Tuesday, September 11, 2012

Promise to the Persecuted

Sabbath School Today
With the 1888 Message Dynamic
1 and 2 Thessalonians
Lesson 11: “Promise to the Persecuted (2 Thess. 1:1-12)”
We have a rich history in what will bring spiritual revival and empower evangelism in our church. We can learn from this history what will bring revival from today forward. This should be our mission statement: “The Lord in His great mercy sent a most precious message to His people through Elders Waggoner and Jones. This message [is] to bring more prominently before the world the uplifted Saviour, the sacrifice for the sins of the whole world. It present[s] justification through faith in the Surety; it invite[s] the people to receive the righteousness of Christ, which is made manifest in obedience to all the commandments of God. ... All power is given into His hands, that He may dispense rich gifts unto men, imparting the priceless gift of His own righteousness to the helpless human agent. This is the message that God commanded to be given to the world. It is the third angel’s message, which is to be proclaimed with a loud voice, and attended with the outpouring of His Spirit in a large measure.” [1] Paul knew this message both in his life and his ministry, and we study it again this week.
“Paul and Silvanus and Timothy to the church of the Thessalonians in God our Father and the Lord Jesus Christ” (2 Thess.1:1).* Paul makes a unique connection between the corporate church and their relation to God and Jesus. God as “our father,” whom we are “in” as a corporate church and as individuals, is nothing like our earthly fathers, as wonderful as they may be to some, are fathers of human limitations.
So to be “in the father and in Christ” is to realize your new status in God’s family, a member of the heavenly and divine family. This makes God our new parent with new spiritual and life experiences, which in God’s time, results in dramatic healing emotionally and spiritually. The verse that is most remarkable concerning our new standing in Him says, “He loved us, even when we were dead in our transgressions, made us alive together with Christ (by grace you have been saved), and raised us up with Him, and seated us with Him in the heavenly places in Christ Jesus” (Eph. 2:4-7).
In the original language, to be in the Father and the Son implies that we are deeply connected with our God and His Son, which interestingly enough brings us into conflict with the way the world functions. Paul and John wrote of an intimate kinship with God and Christwhich results in both power and blessing. Jesus spoke openly about this: “But if I do them, though you do not believe Me, believe the works, so that you may know and understand that the Father is in Me, and I in the Father” (John 10:38; see also John 14:10).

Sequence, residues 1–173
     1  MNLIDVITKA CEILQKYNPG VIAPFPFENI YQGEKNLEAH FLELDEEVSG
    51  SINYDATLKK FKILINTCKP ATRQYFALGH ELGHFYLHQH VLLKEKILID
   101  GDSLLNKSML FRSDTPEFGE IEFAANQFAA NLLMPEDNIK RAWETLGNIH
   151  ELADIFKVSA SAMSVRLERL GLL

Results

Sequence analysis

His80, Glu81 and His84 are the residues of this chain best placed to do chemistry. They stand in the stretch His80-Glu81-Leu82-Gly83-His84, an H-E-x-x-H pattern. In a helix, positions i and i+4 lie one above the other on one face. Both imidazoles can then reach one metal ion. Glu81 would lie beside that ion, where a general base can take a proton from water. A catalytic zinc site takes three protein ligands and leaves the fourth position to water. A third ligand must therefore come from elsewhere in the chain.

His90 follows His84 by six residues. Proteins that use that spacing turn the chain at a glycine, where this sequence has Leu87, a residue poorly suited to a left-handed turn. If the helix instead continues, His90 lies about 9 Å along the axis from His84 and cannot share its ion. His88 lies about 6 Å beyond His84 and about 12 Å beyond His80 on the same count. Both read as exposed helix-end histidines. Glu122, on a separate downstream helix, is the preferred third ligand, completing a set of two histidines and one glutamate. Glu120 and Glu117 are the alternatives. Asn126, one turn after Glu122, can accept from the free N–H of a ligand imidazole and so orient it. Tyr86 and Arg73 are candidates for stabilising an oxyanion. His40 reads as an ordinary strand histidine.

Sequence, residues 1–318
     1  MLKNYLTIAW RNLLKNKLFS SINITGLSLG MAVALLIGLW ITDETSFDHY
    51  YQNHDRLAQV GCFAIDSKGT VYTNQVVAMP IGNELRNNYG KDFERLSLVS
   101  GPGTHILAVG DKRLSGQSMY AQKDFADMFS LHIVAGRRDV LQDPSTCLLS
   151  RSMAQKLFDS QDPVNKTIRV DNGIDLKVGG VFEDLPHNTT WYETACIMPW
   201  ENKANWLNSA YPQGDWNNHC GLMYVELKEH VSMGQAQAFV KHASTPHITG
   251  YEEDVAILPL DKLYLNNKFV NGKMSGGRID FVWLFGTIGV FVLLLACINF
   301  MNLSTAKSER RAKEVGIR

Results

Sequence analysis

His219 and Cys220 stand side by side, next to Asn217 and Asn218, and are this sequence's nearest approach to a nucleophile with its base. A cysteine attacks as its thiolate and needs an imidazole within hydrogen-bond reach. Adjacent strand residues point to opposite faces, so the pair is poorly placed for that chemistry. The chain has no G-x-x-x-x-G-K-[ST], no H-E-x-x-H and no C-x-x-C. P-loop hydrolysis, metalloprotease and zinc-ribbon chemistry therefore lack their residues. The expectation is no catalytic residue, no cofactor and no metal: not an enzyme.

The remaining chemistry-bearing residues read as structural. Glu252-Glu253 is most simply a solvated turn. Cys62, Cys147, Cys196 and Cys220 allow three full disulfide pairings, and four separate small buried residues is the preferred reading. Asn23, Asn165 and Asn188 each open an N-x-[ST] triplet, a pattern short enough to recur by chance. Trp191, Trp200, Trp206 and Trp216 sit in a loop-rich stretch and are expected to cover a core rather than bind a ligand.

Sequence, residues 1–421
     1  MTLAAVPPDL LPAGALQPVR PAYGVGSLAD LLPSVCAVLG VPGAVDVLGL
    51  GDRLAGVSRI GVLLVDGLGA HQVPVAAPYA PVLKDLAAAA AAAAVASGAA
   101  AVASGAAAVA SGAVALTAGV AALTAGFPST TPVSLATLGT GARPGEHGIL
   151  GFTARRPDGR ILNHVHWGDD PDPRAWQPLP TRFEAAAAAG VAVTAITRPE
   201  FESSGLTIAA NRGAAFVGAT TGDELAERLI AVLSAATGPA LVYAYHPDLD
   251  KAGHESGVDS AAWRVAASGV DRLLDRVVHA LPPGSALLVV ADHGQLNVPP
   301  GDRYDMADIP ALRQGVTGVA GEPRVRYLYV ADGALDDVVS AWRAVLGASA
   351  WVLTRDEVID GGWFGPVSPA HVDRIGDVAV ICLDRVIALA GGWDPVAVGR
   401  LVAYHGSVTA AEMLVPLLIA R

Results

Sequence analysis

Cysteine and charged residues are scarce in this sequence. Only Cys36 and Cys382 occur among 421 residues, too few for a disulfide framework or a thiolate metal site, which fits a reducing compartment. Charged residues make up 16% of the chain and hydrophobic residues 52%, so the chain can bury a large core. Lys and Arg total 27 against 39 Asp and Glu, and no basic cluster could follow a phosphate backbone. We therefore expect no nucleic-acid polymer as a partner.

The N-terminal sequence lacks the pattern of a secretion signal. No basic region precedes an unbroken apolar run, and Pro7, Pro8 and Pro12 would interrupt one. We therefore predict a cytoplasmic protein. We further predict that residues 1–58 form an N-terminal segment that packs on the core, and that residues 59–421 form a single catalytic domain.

When we receive our strength from the Father and Son through the ministry of the Holy Spirit we have embraced a greater understanding of who our Savior truly is. This magnifies and builds up our fellowship with God because we are being recreated and made new in God, and God is free to empower us and His church to do the works He prepared in advance for us. Notice where the power comes from! Jesus said; “But he who practices the truth comes to the Light, so that his deeds may be manifested as having been wrought in God” (John 3:21, emphasis added).
We have not yet fully understood this as a church. When it is embraced the result will be a greater experience, but we will expect to meet opposition, persecution, and rejection, not because of a set of behaviors, but because of a new heart and a mind full of God’s agenda and not our own. Unconditional love for God and our neighbor is not popular, but it is righteousness. When we embrace this gospel that is to go to the whole world, the world will take notice and put us on notice. Opposition will come from both directions, outside the body and inside the body of Christ.